4. Does ICE have any plans to restart on site inspections to verify employers' compliance with the Employer Sanctions provisions? If so, what particular types of employers will it be concentrating on?


  1. When an AR-11 is filed in KY, what procedure is followed by the KY location: Is the information entered into BCIS-ICE databases, and, if so, which one(s).
  2. How long after receipt of the AR-11 at KY can we expect the new address to be entered? Upon data entry, do all offices then have access to the new address?
  3. Is the physical AR-11 retained in the alien's A File?
  4. Why is it necessary to send copies of the AR-11 to a District Office/Service Center in which an Application/Petition is pending?
  5. We can send the AR-11 via certified mail and have proof that the AR-11 was received, but how can counsel request proof that the information was actually entered?
  6. If ICE, in the course of an investigation, believes an alien has not filed an AR-11, what action will ICE take? What discretion does an ICE agent have in this situation? Will the alien be given an opportunity to file, if there appears to be no intent on the alien's part to deceive the government by the move, or will there be an automatic referral to the EOIR.?


  1. A few months ago Tom Ridge made remarks hinting at the end of Special Registration, to be replaced by a U.S. Visitor and Immigration Status Indication Technology System, also known as “US Visit”.
    1. What is the timeline for such a change?

      We do not have an answer to this point. We did discuss and ask for follow-up on the issue of whether departure control under US VISIT might replace the current departure registration required. In addition, we submitted additional questions about how an NSEERS subject applicant for admission after complying with departure registration might not have to be subject to the full NSEERS interview and 10 print procedure under US VISIT.
    2. How will this affect Special Registration, if at all?

      Bottom line, this point does not seem resolved yet due to uncertainty on implementation of US VISIT. It was clarified that ICE deals with investigatory follow-up on these cases not actually admission or departure procedures, which are implemented by U.S. Customs and Border Protection (“CBP”).

  2. In a few months we will be coming up on re-registration under the Special Registration program.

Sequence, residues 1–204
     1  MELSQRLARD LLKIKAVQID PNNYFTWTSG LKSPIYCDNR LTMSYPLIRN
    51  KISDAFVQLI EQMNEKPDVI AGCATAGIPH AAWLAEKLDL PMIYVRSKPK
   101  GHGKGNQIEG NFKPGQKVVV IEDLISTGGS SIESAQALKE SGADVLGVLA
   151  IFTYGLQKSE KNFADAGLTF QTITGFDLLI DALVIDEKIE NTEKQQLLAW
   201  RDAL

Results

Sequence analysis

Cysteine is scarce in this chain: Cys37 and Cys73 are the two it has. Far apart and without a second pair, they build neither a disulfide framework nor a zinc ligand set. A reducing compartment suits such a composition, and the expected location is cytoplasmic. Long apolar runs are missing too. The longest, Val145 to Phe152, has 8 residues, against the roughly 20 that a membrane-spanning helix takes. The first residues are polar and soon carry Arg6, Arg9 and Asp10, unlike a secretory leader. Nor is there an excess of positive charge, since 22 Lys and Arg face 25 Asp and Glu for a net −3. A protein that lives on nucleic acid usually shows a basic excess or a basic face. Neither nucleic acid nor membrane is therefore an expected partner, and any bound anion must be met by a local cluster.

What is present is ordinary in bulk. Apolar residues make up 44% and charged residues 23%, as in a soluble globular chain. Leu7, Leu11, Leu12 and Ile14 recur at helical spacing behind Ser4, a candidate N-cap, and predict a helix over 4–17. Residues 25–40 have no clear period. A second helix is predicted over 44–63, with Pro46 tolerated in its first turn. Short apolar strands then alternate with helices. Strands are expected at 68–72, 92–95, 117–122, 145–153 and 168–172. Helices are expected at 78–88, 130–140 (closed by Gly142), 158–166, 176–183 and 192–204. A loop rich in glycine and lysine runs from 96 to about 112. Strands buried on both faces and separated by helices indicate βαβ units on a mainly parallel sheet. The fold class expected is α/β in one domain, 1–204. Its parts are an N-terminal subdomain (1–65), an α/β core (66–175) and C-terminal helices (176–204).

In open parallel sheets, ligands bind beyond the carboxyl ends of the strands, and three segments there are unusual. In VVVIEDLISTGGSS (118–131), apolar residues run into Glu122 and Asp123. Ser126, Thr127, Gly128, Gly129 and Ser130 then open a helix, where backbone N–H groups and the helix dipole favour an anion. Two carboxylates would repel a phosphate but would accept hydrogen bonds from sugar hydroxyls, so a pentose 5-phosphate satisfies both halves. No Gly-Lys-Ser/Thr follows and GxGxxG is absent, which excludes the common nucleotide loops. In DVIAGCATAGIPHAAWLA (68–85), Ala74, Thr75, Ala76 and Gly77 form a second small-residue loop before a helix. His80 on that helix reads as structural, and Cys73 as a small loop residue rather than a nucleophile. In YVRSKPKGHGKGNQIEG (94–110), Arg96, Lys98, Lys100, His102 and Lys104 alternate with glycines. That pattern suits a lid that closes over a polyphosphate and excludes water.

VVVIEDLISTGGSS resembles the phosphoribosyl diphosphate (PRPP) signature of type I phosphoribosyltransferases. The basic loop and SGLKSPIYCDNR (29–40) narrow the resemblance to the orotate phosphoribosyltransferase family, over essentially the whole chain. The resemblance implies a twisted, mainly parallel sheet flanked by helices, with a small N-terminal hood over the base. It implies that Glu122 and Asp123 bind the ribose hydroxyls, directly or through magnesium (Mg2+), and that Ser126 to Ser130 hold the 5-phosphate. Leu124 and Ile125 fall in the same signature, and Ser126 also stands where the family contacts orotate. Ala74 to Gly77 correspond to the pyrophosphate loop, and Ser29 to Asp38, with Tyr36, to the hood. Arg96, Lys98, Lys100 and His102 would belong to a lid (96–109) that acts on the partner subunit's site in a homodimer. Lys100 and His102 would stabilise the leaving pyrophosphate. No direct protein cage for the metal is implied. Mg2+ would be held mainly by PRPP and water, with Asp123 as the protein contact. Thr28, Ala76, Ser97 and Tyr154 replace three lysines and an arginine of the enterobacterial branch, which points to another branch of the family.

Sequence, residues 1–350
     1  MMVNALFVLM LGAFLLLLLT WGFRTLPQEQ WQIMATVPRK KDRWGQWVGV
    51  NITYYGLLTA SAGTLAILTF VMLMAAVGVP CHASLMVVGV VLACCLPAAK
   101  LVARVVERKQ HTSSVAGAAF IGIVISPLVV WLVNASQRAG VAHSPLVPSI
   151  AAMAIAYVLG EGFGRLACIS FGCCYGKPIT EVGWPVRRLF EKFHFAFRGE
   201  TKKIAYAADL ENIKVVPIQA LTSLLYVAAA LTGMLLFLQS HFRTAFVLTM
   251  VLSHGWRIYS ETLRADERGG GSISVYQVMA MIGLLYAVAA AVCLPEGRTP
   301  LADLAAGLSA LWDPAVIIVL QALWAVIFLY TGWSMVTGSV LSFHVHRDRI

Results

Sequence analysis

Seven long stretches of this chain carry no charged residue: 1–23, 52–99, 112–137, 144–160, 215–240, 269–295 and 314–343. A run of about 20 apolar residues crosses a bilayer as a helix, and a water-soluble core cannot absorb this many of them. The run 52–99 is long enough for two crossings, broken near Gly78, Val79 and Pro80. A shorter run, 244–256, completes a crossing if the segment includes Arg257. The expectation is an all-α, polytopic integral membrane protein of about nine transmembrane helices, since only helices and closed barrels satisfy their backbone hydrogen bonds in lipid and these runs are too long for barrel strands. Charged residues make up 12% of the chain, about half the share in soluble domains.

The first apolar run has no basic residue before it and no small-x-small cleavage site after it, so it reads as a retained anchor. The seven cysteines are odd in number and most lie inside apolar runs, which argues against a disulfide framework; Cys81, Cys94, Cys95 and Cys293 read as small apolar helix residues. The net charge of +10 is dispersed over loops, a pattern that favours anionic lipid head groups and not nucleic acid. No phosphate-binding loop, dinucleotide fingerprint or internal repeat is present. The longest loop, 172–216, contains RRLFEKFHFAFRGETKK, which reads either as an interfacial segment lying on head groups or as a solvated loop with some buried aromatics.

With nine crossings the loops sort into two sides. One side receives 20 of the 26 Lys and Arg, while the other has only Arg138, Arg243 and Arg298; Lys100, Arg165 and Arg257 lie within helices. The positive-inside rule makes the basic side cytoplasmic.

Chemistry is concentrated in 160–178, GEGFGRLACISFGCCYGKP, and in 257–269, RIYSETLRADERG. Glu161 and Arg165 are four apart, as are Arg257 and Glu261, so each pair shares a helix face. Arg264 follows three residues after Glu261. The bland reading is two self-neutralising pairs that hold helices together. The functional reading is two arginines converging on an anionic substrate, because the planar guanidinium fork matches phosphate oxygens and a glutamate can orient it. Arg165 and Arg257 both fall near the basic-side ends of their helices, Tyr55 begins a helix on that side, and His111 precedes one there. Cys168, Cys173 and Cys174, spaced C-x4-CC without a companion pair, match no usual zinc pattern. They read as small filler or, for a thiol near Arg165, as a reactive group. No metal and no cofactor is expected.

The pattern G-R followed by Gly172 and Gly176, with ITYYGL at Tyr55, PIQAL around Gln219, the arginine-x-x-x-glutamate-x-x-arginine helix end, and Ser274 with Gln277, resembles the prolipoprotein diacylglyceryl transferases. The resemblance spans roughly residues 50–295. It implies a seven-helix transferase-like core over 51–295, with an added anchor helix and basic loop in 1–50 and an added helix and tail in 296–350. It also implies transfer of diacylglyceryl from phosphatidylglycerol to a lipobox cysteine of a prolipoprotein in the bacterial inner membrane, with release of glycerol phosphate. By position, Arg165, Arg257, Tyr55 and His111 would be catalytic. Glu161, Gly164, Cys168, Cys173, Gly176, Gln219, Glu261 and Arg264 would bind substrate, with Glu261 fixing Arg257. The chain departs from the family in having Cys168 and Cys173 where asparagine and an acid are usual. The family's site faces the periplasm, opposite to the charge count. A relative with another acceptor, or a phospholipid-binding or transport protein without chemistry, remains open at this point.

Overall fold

1. Will Re-registration be required? YES
    2. Is there a plan to help the district offices staff with re-registration? None discussed
    3. Will re-registration be streamlined or shorter? Not discussed
    4. Will there be larger time frames for re-registration to occur? Not discussed
    5. Will there be a policy for dealing with those who register late? At this point, case by case decision on whether to issue NTA. Yes, we did note that this would certainly not be an incentive to encourage those who are late for whatever reason to appear to re-register.
  3. Will NSEERs (or its successor) be expanded to other ports of entry and exit? Don’t know if this will be effectuated by US VISIT procedures or not yet.
  4. Is there a mechanism for a person who is initially required to Special Register to be removed from the list if he or she becomes a legal permanent resident or has been granted asylum? Mr. Cerda noted that such information should be available through CLAIMS database to inspectors as well as to CIS. He also noted that if a person was granted asylee or legal permanent resident status while in the U.S., that they would no longer be subject to NSEERS requirements as of such date.
  5. How is a person taken off of the Special Registration list? We were not able to ascertain a formalized procedure for this. Bottom line, at the moment, it seems the applicant will have to be the one to assert this position.

    Mr. Cerda did confirm that if an NSSERS call-in registrant departed the U.S. after appropriately registering their departure, that upon readmission through a port of entry, he would be converted to potential port of entry NSEERS registrant. If subject to NSEERS registration, they would be subject to compliance with the reporting requirements tied to the date of last admission at the port.

    The question was also raised regarding individuals who comply with call-in and departure registration and return to the U.S. but are not registered at the border. The committee asked whether such individuals would be subject to re-registration even though they had departed and were not re-registered upon readmission. Mr. Cerda said he needed time to think about the issue.